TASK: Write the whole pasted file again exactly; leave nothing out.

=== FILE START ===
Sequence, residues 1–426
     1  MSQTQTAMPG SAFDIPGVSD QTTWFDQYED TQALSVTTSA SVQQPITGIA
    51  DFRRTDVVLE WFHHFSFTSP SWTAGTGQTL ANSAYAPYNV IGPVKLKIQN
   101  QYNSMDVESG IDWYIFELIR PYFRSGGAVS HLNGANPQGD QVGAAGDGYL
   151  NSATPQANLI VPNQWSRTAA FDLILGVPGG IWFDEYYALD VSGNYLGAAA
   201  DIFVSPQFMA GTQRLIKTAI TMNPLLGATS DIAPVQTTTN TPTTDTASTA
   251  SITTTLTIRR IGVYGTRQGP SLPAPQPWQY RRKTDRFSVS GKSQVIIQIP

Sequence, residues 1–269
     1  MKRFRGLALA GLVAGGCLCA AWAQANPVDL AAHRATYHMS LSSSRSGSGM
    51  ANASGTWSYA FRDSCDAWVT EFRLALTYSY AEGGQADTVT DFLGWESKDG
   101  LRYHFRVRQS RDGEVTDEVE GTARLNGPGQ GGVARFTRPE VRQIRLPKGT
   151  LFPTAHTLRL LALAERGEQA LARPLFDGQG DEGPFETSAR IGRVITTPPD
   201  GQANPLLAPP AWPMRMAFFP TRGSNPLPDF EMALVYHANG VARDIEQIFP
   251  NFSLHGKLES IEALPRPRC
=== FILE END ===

Sequence, residues 1–426
     1  MSQTQTAMPG SAFDIPGVSD QTTWFDQYED TQALSVTTSA SVQQPITGIA
    51  DFRRTDVVLE WFHHFSFTSP SWTAGTGQTL ANSAYAPYNV IGPVKLKIQN
   101  QYNSMDVESG IDWYIFELIR PYFRSGGAVS HLNGANPQGD QVGAAGDGYL
   151  NSATPQANLI VPNQWSRTAA FDLILGVPGG IWFDEYYALD VSGNYLGAAA
   201  DIFVSPQFMA GTQRLIKTAI TMNPLLGATS DIAPVQTTTN TPTTDTASTA
   251  SITTTLTIRR IGVYGTRQGP SLPAPQPWQY RRKTDRFSVS GKSQVIIQIP

Sequence, residues 1–269
     1  MKRFRGLALA GLVAGGCLCA AWAQANPVDL AAHRATYHMS LSSSRSGSGM
    51  ANASGTWSYA FRDSCDAWVT EFRLALTYSY AEGGQADTVT DFLGWESKDG
   101  LRYHFRVRQS RDGEVTDEVE GTARLNGPGQ GGVARFTRPE VRQIRLPKGT
   151  LFPTAHTLRL LALAERGEQA LARPLFDGQG DEGPFETSAR IGRVITTPPD
   201  GQANPLLAPP AWPMRMAFFP TRGSNPLPDF EMALVYHANG VARDIEQIFP
   251  NFSLHGKLES IEALPRPRC